No. 80-KA-1641.

395 So.2d 1301 (1981)

STATE of Louisiana v. Robert BROWN.

Supreme Court of Louisiana.

March 2, 1981.

Attorney(s) appearing for the Case

William J. Guste, Jr., Atty. Gen., Barbara Rutledge, Asst. Atty. Gen., Alfred R. Ryder, Dist. Atty., Errol D. DesHotels, Asst. Dist. Atty., for plaintiff-appellee.

John P. Navarre, Oakdale, for defendant-appellant.

COLE, Associate Justice Ad Hoc.*

Defendant, Robert Brown, was charged by bill of information on April 26, 1979, with aggravated battery, a violation of La. R.S. 14:34. Defendant was found guilty as charged by an unanimous jury of six on January 12, 1980. After a pre-sentence hearing, defendant was sentenced on February 8, 1980 to ten years at hard labor. Defendant now appeals his conviction and sentence on the basis of thirteen assignments of error.


At trial, the state adduced the following evidence. The victim, Carolee Crowder, was separated from her husband and she was living with Randy Brown, the brother of the defendant Robert Brown. Though there appeared to have been no problems between the Browns (Randy, Robert, and Robert's wife) and Carolee, there is some suggestion that Carolee's estranged husband was an irritation and Robert felt he might cause a problem for his brother. On April 23, 1979, Randy and Carolee quarreled and he left the house. Shortly thereafter, Carolee left in her own car, stopped and bought beer, then encountered the defendant, Robert, and his wife. Robert and Carolee argued, agreed to discuss the situation later, and then went their separate ways. After another brief stop, Carolee made her way to the farm where the Browns lived; it was approximately 4:30 p. m. When Carolee drove up to the Brown's house, Randy came out and the two talked. Randy returned inside and Carolee, still outside, could hear Robert arguing with Randy, trying to turn him against Carolee. When Carolee threw a beer bottle at one of the brother's cars, Randy came out of the house and began slapping her. Robert followed, exclaiming that Randy was not hitting her hard enough. Randy punched Carolee as she tried to get back into her car. Randy stopped her and continued to wrestle with and beat her while Robert stood only a few feet away, yelling. Suddenly Randy shouted, "He's got that damn gun" and the victim heard three shots. She then heard Robert's wife shout, "Robert Lee, bring that gun back in this house" and heard two more shots. The next thing the victim could remember was being helped into the hospital emergency room at 8:45 p. m. She did not see the shots fired. Until told by the hospital personnel, the victim did not realize there was a puncture wound to her forehead which had been caused by a bullet that pierced into her skull and entered her brain.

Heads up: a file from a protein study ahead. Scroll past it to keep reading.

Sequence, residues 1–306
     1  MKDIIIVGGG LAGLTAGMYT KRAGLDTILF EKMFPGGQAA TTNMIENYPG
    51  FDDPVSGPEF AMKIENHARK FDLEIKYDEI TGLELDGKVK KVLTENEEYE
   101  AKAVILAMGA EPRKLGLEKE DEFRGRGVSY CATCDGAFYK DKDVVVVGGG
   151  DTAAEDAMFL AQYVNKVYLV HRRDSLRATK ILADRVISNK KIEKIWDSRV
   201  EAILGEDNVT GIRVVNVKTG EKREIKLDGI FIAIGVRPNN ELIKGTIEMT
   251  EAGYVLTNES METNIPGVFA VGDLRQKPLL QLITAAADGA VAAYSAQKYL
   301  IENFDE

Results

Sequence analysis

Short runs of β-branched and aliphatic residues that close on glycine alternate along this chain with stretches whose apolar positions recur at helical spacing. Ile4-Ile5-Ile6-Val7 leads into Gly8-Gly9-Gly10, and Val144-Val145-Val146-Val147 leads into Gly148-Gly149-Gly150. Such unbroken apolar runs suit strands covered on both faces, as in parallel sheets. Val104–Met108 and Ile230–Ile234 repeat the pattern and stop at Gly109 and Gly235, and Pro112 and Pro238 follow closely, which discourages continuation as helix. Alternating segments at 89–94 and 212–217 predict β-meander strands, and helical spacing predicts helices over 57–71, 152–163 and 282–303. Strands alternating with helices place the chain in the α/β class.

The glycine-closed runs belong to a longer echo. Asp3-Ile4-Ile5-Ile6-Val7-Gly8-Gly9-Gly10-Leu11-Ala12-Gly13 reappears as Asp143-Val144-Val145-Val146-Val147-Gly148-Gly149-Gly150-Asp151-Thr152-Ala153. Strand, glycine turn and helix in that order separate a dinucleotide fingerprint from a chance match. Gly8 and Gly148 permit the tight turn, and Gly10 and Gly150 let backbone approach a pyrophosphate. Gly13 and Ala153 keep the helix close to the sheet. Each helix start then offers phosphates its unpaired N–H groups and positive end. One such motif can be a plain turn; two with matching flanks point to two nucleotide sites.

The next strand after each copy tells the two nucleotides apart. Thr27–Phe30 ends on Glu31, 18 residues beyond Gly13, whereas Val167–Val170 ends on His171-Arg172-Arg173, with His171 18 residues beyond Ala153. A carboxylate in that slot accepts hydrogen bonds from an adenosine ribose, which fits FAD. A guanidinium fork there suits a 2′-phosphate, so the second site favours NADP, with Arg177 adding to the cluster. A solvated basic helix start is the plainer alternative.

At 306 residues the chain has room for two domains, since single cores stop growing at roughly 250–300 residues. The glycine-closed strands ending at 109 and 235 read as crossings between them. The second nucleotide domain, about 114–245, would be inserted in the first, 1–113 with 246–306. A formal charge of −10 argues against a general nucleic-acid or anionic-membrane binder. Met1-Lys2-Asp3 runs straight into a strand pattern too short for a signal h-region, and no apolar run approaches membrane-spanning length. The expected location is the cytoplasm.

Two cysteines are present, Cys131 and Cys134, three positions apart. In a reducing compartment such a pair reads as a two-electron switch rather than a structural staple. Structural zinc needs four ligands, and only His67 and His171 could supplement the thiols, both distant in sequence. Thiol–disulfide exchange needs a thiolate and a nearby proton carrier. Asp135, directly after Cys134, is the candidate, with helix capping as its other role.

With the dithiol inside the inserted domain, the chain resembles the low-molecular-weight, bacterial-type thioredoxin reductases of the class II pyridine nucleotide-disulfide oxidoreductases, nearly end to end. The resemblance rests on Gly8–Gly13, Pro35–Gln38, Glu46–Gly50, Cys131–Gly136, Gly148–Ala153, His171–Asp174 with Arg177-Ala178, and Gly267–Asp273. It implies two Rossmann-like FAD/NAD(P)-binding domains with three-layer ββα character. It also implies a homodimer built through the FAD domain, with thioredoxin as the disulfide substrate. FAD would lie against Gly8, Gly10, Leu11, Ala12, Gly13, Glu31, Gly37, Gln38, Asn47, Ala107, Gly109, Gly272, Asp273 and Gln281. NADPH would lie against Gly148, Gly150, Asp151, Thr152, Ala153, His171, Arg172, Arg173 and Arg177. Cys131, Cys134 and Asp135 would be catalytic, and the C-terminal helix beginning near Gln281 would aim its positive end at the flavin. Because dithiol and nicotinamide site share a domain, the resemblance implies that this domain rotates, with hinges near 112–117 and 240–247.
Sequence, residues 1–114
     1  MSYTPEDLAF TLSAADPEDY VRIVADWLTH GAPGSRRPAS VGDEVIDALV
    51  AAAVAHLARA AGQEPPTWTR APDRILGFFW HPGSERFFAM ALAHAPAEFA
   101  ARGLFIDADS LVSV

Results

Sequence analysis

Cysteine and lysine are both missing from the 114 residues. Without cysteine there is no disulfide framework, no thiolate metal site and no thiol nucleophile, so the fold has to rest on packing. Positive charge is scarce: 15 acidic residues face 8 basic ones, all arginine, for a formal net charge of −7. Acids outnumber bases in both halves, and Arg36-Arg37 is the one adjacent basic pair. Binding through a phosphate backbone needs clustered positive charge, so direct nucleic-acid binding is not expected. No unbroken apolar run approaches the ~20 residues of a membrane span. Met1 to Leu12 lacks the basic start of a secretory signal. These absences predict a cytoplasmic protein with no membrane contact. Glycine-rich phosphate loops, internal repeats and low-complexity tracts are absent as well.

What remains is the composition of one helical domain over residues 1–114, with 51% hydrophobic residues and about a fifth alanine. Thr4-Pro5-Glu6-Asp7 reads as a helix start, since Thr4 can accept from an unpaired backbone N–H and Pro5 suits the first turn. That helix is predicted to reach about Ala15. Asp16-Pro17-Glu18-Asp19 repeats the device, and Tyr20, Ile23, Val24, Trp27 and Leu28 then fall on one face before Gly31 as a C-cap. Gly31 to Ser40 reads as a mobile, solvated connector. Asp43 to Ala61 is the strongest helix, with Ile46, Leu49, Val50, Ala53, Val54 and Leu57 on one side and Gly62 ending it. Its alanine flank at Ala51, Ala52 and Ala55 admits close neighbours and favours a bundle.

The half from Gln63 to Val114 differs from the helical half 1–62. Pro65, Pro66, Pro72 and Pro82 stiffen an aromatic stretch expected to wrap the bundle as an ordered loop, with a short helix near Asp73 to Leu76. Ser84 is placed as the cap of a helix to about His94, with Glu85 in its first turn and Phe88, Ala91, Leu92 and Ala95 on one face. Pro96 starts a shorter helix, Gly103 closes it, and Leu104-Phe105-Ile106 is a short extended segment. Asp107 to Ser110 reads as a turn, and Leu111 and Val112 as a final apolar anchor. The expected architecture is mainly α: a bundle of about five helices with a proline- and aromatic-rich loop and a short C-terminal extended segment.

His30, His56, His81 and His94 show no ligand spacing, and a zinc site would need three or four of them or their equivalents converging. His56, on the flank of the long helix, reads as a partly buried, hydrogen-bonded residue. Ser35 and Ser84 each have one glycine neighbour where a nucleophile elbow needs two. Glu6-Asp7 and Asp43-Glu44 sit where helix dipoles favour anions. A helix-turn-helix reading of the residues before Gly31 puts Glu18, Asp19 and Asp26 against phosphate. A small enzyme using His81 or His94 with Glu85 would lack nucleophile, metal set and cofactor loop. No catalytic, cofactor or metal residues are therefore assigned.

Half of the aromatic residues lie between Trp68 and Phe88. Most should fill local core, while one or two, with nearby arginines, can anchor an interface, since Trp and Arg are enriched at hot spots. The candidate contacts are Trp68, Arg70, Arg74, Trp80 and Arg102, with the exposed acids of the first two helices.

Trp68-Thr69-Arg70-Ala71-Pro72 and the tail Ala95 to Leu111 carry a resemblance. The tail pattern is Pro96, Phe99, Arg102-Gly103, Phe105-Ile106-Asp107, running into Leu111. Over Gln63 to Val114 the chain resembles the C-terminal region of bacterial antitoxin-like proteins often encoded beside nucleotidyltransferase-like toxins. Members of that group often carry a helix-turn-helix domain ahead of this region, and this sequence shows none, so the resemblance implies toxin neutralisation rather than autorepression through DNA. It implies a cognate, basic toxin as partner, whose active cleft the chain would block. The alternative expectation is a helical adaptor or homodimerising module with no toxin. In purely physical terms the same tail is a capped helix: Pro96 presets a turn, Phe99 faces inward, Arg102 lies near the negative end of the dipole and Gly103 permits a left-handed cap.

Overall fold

Nurse Lois Taylor was on duty in the emergency room and testified the victim was stable and responsive, considering her injury, and Carolee told her "Randy beat her" and "Robert shot her." The victim also made similar statements to others, including police officers. Based on Carolee's statements, Randy, who had driven her to the hospital, was arrested, as was Robert, who was taken into custody later that night at his residence.

The defendant offered a different version of the victim's shooting. Robert took the stand and denied any knowledge of any fight or shooting and insisted he was elsewhere that night. Randy Brown was called as a defense witness and insisted Carolee disliked Robert, she showed up at the Brown's farm drunk and belligerent, but there was no fight or shooting there. Randy's version of the victim's injury was that he had to drive Carolee home since she was drunk and couldn't drive herself, and after driving into town, as they were stopped at a traffic light, some unknown assailant drove up, fired a single shot and sped away. Randy said he ducked when he heard the shot and he never got a good look at the car or the occupant. He then testified when he realized Carolee was hit, he immediately drove her to the hospital emergency room. A search of the intersection where Randy said the shooting took place revealed no broken glass. Also a hospital attendant testified when taken from the car Carolee was sitting on glass but none was on her, thus seeming to indicate the glass had been broken before the victim got, or was placed, into the car.

Pursuant to the victim's statements the defendant and his brother were arrested. After their arrest a search warrant was issued for the Brown residence. Officers executed the warrant later that same night but the search failed to turn up any handguns, bloody clothing or blood stains as described in the warrant. Officers did find and seize glass fragments from the driveway that were the same type as those from the broken window in defendant's car.

Though no handgun was found at the Brown residence, Mrs. Brown later gave the police a .22 caliber pistol. Since the bullet could not be retrieved from the victim's brain, and in any event was shattered, no tests were run to determine if the .22 was in fact the weapon used in the shooting.

When admitted to the hospital the victim was said to be suffering numerous bruises and contusions about her face but the main injury was said to have been a close gunshot wound to the right frontal region of the forehead. The gunshot left powder burns on the victim's forehead indicating that it was fired from only inches away. She survived but due to her injury she required lengthy hospitalization and continues to suffer from partial paralysis.